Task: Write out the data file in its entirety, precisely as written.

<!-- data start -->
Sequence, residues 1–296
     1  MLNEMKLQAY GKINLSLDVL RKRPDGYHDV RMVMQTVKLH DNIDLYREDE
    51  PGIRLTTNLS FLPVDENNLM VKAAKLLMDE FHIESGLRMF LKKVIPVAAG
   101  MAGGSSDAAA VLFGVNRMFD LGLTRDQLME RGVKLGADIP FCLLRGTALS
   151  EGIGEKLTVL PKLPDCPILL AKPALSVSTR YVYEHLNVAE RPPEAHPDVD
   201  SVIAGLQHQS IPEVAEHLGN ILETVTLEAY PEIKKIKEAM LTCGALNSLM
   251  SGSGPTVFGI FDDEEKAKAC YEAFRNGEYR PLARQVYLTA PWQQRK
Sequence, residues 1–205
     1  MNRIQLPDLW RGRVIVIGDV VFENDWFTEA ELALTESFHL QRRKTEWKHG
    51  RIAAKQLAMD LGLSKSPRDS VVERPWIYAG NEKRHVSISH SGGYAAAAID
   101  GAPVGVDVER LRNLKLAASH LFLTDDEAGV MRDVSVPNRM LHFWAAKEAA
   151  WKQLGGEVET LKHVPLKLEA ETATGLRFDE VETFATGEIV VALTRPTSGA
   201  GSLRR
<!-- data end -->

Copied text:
Sequence, residues 1–296
     1  MLNEMKLQAY GKINLSLDVL RKRPDGYHDV RMVMQTVKLH DNIDLYREDE
    51  PGIRLTTNLS FLPVDENNLM VKAAKLLMDE FHIESGLRMF LKKVIPVAAG
   101  MAGGSSDAAA VLFGVNRMFD LGLTRDQLME RGVKLGADIP FCLLRGTALS
   151  EGIGEKLTVL PKLPDCPILL AKPALSVSTR YVYEHLNVAE RPPEAHPDVD
   201  SVIAGLQHQS IPEVAEHLGN ILETVTLEAY PEIKKIKEAM LTCGALNSLM
   251  SGSGPTVFGI FDDEEKAKAC YEAFRNGEYR PLARQVYLTA PWQQRK
Sequence, residues 1–205
     1  MNRIQLPDLW RGRVIVIGDV VFENDWFTEA ELALTESFHL QRRKTEWKHG
    51  RIAAKQLAMD LGLSKSPRDS VVERPWIYAG NEKRHVSISH SGGYAAAAID
   101  GAPVGVDVER LRNLKLAASH LFLTDDEAGV MRDVSVPNRM LHFWAAKEAA
   151  WKQLGGEVET LKHVPLKLEA ETATGLRFDE VETFATGEIV VALTRPTSGA
   201  GSLRR